Reporters Without Borders (RSF) has called for an independent international investigation into the deaths of two prominent journalists, from Egypt and Saudi Arabia, shortly after their sudden releases from prisons.
Egypt’s Mohamed Monir and Saudi Arabia’s Saleh al-Shehi died on 13 July and 19 July respectively, shortly after they were released from prisons.
“The deaths of Mohamed Monir and Saleh al-Shehi during the pandemic speak to the urgency of releasing journalists so that they avoid a tragic fate,” said Sabrina Bennoui, the head of RSF’s Middle East desk.
“With just two days to go to Eid, we urge the Egyptian and Saudi authorities to use this occasion to rescue journalists from overcrowded prisons. Let’s avoid a catastrophe before it is too late.”
Monir was arrested in June after he was interviewed by Al Jazeera – which is banned in Egypt – and charged with “spreading fake news” and “participating in a terrorist group”.
Monir had shown symptoms of coronavirus while in prison, according to his daughter, and was subjected to a medical examination and multiple Covid-19 tests before he was finally declared positive on 8 July – almost a week after he was released.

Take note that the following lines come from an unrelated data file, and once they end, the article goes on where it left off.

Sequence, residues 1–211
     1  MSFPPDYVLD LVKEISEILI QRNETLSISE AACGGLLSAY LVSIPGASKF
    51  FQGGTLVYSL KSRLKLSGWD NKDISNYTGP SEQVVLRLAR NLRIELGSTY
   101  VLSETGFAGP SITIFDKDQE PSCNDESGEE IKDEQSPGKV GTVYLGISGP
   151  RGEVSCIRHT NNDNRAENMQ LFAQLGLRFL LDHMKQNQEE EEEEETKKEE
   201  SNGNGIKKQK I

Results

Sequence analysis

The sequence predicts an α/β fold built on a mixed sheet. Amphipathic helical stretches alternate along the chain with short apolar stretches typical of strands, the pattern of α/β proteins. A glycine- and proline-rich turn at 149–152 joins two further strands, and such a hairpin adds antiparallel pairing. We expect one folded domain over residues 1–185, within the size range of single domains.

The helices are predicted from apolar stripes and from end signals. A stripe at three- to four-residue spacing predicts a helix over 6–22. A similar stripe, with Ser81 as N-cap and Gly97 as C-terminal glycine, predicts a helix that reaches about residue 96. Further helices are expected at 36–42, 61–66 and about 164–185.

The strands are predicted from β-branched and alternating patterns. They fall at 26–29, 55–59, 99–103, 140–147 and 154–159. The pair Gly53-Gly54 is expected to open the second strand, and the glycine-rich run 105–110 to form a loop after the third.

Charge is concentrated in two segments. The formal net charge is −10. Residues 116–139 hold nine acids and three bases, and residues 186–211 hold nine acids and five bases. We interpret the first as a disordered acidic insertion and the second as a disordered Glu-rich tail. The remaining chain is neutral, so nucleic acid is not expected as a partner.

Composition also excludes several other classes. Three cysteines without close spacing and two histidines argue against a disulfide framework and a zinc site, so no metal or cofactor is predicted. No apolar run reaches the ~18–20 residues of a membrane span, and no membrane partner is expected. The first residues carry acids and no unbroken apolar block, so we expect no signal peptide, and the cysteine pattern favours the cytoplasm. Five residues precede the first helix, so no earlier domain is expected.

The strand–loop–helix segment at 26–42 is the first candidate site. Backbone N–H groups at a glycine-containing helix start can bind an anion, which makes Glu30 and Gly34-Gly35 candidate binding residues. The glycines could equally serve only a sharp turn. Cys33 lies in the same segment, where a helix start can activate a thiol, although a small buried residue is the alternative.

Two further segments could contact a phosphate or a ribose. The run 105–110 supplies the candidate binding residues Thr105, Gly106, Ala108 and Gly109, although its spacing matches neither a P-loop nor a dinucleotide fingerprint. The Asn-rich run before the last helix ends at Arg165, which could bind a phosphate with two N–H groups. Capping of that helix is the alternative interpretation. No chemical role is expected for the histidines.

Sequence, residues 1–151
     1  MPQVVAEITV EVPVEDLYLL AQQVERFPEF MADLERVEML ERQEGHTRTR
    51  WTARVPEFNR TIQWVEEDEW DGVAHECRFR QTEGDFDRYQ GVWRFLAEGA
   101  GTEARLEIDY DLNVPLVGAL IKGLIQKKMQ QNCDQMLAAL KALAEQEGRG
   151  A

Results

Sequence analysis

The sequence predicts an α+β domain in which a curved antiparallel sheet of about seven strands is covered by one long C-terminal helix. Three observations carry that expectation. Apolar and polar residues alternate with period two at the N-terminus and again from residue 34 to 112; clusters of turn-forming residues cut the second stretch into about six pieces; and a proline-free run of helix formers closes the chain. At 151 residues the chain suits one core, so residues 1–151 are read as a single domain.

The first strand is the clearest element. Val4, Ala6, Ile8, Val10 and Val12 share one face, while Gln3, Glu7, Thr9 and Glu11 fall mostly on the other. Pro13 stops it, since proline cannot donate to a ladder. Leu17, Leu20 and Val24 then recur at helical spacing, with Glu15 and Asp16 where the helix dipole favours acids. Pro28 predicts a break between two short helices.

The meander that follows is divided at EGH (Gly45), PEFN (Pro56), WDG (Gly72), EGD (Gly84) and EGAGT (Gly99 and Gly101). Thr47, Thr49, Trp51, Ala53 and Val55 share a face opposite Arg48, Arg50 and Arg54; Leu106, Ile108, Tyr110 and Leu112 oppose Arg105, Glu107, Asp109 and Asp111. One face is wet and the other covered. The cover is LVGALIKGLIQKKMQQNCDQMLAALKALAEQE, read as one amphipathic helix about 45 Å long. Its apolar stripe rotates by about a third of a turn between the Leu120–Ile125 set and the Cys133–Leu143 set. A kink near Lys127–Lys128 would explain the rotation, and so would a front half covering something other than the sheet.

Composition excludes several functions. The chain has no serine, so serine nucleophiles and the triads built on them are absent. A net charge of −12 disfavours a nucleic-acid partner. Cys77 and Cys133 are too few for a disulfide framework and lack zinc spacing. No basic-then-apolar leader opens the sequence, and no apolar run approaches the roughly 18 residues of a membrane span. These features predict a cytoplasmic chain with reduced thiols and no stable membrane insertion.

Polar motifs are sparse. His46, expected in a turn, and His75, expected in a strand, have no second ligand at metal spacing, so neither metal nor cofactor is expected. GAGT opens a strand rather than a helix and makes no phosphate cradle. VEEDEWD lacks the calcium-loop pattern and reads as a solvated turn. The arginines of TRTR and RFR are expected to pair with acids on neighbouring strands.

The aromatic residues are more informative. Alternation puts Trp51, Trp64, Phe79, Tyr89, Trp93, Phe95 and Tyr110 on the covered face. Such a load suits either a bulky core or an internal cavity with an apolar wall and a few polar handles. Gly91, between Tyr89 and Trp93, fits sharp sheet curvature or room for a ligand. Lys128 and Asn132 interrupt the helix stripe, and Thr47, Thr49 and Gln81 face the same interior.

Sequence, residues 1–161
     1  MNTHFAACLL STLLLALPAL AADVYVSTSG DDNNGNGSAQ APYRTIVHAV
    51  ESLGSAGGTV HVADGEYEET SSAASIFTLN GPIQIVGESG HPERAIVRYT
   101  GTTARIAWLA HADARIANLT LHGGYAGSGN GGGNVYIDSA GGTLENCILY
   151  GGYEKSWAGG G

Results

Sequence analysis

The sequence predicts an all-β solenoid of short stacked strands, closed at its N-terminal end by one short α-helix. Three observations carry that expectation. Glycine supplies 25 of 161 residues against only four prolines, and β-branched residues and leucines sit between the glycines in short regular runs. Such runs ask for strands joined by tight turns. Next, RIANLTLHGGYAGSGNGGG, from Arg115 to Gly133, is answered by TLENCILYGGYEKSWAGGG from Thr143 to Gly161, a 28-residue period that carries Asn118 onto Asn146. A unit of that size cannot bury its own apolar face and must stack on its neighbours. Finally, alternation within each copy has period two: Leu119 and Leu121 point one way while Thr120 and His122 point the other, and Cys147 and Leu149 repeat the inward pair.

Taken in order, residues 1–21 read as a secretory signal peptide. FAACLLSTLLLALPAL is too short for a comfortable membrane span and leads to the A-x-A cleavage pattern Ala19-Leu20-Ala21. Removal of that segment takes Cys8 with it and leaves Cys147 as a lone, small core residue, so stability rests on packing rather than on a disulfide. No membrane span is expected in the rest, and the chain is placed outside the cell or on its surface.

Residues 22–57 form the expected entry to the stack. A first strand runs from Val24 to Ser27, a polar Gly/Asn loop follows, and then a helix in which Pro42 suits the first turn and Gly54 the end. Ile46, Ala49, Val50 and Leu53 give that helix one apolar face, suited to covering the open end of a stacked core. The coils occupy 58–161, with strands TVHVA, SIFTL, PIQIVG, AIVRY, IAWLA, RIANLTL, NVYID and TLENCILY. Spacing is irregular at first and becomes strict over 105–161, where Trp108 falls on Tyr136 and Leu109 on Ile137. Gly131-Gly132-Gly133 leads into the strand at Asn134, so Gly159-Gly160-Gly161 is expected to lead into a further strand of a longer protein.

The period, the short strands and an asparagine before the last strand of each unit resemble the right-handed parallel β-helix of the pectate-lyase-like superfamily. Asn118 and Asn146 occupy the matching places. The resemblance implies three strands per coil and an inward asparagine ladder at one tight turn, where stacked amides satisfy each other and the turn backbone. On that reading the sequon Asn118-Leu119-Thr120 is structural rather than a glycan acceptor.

The health of both journalists worsened after they were released from prison, according to RSF.
Shehi was hospitalised less than a month after his release from prison on 19 May.
He had been serving a five-year sentence on a charge of “insulting the royal court”, for discussing corruption within Saudi Arabia’s ruling elite.
After China, Egypt and Saudi Arabia are currently the world’s biggest jailers of journalists.
The non-profit organisation has identified 30 detained journalists in Egypt and 33 in Saudi Arabia.
According to RSF’s 2020 Press Freedom Ranking, Egypt ranks 166th out of 180 countries and territories. Saudi Arabia is ranked 170th.